In Pursuit of Profit
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The next round of Paycheck Protection Program (PPP) Loans is now open, and businesses can apply through the end of March. Borrowers that received First Draw PPP Loans and have already used or will use the funds for authorized uses can apply for a Second Draw PPP Loan.
While the first round of PPP loans was launched quickly with little prep time for advisors, many firms have since dedicated significant staff to assisting clients as they evaluate their financing options and submit PPP loan applications. The result is better support for organizations faced with making difficult financial decisions as they navigate an uncertain business landscape. So, as you consider applying for a PPP loan this time around, lean on an experienced third-party financial consultant to help you understand if you qualify, what the differences are from the previous round, and whether this type of lending is the best fit for your specific circumstances and long-term goals.
Since this is the second go-round, the rules are more clearly defined this time, leading to less ambiguity and confusion than there was with the first loan program. Some of the differences this time around include:
A broader array of organizations can apply this time around, meaning that if you did not qualify previously, you may be eligible. Chambers of commerce, small newspapers, and housing cooperatives are among the new batch of organizations able to apply. Additionally, nonprofits, veterans’ organizations, self-employed individuals, and independent contractors can all apply.
Covering the Hardest Hit
Second Draw PPP Loans are meant to cover businesses that have been the hardest hit through the pandemic. Companies that received a first round PPP Loan that have seen a 25% decrease in gross receipts from any quarter in 2020 compared to the same quarter in 2019 (or a 25% decrease in gross annual receipts from 2020 compared to gross annual receipts from 2019) could be eligible to apply again. This reduction can be substantiated through quarterly financial statements or bank statements.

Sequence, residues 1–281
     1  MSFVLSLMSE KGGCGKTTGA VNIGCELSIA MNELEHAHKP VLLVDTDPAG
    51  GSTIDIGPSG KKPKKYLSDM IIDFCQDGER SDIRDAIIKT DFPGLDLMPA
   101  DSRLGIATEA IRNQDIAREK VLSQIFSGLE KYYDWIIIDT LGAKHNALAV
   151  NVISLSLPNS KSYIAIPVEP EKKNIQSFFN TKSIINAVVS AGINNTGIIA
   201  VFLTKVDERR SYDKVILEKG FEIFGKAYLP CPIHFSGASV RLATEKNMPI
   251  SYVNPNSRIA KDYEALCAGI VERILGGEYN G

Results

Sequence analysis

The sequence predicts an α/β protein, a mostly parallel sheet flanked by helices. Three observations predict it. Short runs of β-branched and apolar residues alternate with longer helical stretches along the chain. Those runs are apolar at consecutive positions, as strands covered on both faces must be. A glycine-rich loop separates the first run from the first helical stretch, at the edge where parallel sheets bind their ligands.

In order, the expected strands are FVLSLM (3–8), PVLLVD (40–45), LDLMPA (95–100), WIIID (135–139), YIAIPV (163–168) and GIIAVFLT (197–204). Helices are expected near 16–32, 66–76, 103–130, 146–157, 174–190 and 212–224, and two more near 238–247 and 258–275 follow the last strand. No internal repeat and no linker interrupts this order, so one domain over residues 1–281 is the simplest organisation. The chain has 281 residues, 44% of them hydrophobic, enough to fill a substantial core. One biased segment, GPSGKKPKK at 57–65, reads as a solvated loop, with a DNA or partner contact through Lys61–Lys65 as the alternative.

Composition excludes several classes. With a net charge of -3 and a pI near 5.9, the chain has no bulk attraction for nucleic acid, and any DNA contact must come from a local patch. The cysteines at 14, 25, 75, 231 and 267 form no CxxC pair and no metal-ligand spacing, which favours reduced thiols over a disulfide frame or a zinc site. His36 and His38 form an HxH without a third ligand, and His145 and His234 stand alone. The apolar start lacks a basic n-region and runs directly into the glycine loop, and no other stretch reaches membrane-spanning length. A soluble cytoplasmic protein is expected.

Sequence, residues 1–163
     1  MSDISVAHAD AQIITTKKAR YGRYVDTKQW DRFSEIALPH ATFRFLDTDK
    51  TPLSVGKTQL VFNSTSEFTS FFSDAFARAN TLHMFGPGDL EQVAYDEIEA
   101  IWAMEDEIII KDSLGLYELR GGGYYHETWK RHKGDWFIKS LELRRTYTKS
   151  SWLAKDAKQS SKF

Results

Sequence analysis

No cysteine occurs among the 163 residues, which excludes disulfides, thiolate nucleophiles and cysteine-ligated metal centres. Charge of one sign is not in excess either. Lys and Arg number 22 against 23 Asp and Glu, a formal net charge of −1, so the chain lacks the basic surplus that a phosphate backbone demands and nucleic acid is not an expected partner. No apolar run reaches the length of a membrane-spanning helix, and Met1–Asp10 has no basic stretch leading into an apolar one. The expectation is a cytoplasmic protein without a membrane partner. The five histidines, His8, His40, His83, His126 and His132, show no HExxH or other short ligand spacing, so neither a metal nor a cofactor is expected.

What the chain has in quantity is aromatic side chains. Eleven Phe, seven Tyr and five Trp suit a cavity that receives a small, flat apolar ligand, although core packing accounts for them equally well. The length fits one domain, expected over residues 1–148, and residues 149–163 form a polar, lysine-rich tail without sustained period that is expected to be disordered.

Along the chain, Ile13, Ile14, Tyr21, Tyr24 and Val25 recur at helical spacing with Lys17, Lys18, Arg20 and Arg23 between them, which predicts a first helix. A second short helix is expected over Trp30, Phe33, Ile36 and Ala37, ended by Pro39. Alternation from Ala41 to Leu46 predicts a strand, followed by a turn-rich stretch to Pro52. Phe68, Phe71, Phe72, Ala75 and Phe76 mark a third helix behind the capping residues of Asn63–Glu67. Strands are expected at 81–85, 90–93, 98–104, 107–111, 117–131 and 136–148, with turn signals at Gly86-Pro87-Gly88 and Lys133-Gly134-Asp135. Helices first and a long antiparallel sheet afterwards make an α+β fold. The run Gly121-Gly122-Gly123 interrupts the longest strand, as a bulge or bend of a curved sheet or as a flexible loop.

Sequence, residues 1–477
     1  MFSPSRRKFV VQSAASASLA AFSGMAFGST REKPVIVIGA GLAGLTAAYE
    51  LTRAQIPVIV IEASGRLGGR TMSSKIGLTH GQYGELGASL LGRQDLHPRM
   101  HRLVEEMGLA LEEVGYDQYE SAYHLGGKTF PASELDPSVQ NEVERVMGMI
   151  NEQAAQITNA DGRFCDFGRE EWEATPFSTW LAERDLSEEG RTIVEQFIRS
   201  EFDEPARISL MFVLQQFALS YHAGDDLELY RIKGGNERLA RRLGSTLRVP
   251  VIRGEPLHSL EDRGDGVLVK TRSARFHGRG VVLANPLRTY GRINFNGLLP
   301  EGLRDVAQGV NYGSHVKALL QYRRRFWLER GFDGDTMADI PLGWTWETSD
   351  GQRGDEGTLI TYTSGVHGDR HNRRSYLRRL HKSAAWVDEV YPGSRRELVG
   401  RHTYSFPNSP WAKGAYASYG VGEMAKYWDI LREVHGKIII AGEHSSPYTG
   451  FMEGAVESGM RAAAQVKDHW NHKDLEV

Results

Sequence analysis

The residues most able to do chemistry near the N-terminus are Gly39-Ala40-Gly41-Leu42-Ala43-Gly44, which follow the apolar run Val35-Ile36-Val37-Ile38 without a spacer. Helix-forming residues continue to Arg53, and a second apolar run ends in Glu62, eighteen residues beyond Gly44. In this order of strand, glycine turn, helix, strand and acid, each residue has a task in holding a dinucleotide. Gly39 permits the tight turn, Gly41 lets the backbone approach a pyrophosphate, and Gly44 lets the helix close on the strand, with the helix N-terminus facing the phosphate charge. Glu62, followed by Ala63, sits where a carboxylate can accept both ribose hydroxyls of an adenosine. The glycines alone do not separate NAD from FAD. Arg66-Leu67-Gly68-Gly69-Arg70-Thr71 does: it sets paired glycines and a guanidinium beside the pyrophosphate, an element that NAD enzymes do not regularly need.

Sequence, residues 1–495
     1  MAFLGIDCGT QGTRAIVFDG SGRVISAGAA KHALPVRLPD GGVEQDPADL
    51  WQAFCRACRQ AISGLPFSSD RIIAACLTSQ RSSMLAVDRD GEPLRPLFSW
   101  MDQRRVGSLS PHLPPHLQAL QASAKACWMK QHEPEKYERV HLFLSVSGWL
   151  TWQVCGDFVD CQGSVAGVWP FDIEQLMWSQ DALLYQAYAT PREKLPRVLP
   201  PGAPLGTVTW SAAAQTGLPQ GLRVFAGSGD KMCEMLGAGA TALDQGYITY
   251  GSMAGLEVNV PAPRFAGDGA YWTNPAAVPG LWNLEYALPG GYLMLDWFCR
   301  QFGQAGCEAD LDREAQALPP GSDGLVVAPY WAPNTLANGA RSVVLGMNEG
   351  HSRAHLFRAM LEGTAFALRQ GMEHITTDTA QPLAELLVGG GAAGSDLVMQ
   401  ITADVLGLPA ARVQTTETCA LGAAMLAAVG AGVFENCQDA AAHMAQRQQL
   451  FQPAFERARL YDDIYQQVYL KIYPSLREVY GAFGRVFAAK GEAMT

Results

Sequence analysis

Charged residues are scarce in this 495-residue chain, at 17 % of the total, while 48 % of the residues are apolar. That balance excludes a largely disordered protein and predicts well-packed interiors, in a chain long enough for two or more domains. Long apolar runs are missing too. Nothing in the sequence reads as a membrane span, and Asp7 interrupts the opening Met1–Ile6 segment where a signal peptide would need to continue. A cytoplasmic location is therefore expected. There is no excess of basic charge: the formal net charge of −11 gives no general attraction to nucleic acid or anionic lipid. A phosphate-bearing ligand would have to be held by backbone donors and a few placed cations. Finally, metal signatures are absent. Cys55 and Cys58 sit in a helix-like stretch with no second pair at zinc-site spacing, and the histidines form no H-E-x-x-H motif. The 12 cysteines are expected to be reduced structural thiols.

A few things to keep in mind are:
The increased eligibility this time around also brings greater scrutiny of applicants. The first round of PPP Loans saw a lot of ineligible and fraudulent applications, and this second round aims to close the door on that behavior.
Remember, the self-certification of need document is a component of the application and it should only be declared when that need is truly present. As Todd Kimball explains,
“First of all, you should determine if you’re eligible either for the first round or second round. There are different criteria, but both require the signing of a good faith certification of economic necessity. There was a questionnaire released from the SBA, intended to be answered for loans in excess of $2M. While this doesn’t apply to everyone, it gives indications for the types of ‘economic necessity’ the SBA is considering. Things like declines in revenue, increased costs, access to cash and investments, and pre-payment of debt.”
You can use the tool yourself: PPP Loan Necessity Questionnaire (For-Profit Borrowers)
Payroll Cost Calculation
First Draw PPP Loans relied on payroll cost calculations from the previous 12 months. For Second Draw PPP Loans, those original calculations should not be used. Instead, borrowers will need to use payroll costs from either 2019 or 2020 calendar years for their loan amount calculation.
A key difference with this second round of PPP Loans is what the funds can cover. While the program was initially limited to payroll expenses, PPP loans can now cover additional expenses such as operations expenditures, property damage costs, supplier costs, and worker protection expenditures. Most importantly, property damage costs related to looting or vandalism in 2020 that were not covered by insurance or other compensation are also covered.
Lenders are in The Driver Seat
On top of PPP regulations, lenders themselves can set additional requirements. Knowing which lender to utilize is a critical decision. This is one area where an advisor can help significantly – recommending the right type of lender based on their individual lending criteria as well as leveraging existing professional relationships.
If you do not have a CFO to navigate this type of decision-making, lean on an experienced CFO consultant to provide the guidance you need during these unprecedented challenges.
This article was written in conjunction with our partners at CFOS Selections